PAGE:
Spain's World Heritage Cities have a lot to offer: a combination of tradition and avant-garde, a vast cultural heritage, delicious typical gastronomy and a whole host of festivities and leisure activities.
Ávila city walls
Alcalá de Henares University
They are an important part of Spain’s contribution to universal culture. They are World Heritage Cities. A tour of these cities is a good way to discover Spain’s history, artistic wealth and popular traditions. Each and every stop on this route will reveal a unique and stunning urban location. Fancy coming along?
Centuries of history reflected in a priceless cultural inheritance. Magnificent, unique monuments. Streets that carry you back in time. History, art and architecture come together in a unique fashion, giving rise to locations of unequalled beauty: Spanish World Heritage Cities. Discover them and you will find Spain’s prime urban contribution to universal culture. This is something not to be missed.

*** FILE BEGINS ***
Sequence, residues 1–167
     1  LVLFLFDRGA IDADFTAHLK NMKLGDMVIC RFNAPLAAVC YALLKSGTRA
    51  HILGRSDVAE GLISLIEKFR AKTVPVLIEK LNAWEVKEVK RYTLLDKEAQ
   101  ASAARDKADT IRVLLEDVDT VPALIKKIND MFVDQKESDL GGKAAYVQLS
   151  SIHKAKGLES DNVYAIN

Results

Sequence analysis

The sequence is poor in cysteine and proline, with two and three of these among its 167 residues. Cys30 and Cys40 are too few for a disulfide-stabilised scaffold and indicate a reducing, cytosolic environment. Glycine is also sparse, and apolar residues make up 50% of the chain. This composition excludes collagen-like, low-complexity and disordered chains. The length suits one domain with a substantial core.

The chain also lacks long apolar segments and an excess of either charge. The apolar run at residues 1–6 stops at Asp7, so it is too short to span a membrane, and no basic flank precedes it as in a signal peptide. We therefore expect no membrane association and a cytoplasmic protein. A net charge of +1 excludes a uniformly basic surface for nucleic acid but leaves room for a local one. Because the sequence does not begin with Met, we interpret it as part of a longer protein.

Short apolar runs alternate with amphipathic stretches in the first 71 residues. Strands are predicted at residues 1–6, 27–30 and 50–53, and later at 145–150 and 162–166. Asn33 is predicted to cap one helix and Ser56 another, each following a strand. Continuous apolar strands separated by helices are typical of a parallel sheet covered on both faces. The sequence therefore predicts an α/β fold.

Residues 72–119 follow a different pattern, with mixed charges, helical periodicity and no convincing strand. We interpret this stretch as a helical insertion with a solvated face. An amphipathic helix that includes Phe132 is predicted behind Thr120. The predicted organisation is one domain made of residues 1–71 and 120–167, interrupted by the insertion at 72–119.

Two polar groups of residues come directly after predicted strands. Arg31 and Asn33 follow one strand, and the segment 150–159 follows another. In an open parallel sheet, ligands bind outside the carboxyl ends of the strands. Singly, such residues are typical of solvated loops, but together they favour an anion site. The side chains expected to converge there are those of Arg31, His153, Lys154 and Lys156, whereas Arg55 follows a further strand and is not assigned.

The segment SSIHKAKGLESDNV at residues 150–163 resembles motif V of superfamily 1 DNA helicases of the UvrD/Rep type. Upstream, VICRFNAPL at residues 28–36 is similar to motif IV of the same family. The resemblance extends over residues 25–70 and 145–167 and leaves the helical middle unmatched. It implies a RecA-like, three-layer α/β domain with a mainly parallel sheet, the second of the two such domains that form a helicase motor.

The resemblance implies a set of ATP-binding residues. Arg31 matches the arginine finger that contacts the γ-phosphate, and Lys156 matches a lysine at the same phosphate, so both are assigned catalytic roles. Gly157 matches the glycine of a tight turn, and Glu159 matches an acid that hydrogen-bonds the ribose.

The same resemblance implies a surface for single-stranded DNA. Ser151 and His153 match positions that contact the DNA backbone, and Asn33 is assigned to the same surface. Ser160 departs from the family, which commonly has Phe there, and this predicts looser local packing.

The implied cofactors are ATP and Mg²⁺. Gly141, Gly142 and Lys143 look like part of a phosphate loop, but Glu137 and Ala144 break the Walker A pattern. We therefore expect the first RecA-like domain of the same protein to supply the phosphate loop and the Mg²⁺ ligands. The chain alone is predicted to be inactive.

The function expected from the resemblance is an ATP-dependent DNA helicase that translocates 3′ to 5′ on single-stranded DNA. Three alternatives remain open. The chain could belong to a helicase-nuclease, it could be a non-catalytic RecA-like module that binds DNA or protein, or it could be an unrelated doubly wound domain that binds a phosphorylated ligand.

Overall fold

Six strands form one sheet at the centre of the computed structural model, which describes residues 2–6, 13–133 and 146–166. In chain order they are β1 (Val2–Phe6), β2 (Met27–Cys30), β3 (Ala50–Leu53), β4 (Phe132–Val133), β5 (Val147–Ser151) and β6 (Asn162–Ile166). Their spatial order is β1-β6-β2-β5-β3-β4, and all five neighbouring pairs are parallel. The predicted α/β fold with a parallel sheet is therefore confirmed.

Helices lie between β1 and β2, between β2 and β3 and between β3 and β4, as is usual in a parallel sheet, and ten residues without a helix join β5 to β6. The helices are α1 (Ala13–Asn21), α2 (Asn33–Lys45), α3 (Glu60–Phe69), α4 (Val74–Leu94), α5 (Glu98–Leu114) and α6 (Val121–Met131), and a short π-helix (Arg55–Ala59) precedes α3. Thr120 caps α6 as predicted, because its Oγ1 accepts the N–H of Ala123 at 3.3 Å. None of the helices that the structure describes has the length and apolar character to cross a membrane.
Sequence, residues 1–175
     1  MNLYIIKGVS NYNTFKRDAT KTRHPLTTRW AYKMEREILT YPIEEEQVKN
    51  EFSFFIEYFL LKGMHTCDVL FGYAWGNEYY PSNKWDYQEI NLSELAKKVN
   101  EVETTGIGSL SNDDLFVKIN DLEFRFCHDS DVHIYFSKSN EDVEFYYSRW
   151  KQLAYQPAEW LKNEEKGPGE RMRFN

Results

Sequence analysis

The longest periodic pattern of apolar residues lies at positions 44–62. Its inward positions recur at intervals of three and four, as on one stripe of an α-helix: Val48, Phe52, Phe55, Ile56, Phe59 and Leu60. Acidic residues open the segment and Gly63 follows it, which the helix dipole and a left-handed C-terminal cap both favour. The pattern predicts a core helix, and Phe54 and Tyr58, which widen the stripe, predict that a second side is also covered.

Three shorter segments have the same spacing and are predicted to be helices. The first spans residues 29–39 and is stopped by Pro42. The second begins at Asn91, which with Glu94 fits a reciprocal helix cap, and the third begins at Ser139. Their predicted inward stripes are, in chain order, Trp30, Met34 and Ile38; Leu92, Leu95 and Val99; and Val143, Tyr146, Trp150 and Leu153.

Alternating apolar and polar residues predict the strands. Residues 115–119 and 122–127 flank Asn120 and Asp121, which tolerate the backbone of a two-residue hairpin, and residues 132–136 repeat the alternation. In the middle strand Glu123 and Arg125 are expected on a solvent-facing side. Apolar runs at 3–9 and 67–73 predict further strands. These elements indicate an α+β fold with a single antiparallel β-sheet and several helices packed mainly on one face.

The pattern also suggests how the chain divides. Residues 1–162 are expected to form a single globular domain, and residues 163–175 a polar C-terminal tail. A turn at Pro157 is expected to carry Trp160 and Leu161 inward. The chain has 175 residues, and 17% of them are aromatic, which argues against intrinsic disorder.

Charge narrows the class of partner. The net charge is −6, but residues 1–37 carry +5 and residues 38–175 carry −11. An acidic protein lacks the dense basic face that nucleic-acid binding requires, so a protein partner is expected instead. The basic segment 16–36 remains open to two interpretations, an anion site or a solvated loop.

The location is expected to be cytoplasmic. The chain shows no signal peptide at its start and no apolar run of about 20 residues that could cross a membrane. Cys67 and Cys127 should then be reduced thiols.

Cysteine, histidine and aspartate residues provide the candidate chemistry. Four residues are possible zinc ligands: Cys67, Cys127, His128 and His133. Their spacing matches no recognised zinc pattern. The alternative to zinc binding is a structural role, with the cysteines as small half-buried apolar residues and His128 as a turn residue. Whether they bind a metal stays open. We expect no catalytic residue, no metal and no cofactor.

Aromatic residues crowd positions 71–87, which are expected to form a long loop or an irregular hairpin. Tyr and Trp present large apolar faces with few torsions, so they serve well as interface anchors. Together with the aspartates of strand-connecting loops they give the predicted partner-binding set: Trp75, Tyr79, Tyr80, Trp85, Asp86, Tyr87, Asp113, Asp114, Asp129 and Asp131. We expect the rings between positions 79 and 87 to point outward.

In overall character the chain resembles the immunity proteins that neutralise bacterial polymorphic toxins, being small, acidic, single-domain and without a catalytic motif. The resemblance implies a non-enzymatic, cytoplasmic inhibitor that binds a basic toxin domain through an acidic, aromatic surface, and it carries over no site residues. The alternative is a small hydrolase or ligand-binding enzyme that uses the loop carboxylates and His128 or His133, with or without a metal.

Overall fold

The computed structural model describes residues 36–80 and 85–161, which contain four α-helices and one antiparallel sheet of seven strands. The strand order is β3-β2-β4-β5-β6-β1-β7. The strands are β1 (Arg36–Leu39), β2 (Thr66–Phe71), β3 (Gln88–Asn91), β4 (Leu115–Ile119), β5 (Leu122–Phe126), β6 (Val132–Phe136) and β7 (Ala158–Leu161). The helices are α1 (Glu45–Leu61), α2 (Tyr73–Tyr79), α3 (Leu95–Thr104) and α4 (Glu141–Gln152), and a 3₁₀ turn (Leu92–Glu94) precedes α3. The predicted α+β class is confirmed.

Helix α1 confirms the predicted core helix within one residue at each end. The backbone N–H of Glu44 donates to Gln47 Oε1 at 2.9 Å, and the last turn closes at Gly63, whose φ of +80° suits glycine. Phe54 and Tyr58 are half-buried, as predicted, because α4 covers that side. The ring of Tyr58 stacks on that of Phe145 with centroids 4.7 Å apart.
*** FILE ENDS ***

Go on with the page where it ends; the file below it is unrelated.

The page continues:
Come and join us on this wonderful journey: these heritage cities are an excellent example of Spain’s cultural diversity. You will admire stunning buildings and a broad range of artistic styles, but this is just one of many things to do in these places. You can also take part in their traditional fiestas and customs, when the city itself takes on a special role, and no one is a stranger. You can also experience the vitality of their historic old towns, with shops, markets, and all kinds of typical establishments. Not forgetting, of course, the local gastronomy.
Whichever your route of choice, we recommend you take your time. Each Heritage City is outstanding for one particular element or characteristic. Nevertheless, they all offer much, much more. Put aside eight days to stroll unhurriedly through their streets and enjoy all they have to offer. If possible, you should also explore them by night, when they are illuminated and the exceptional beauty of their monuments is intensified.
A journey through history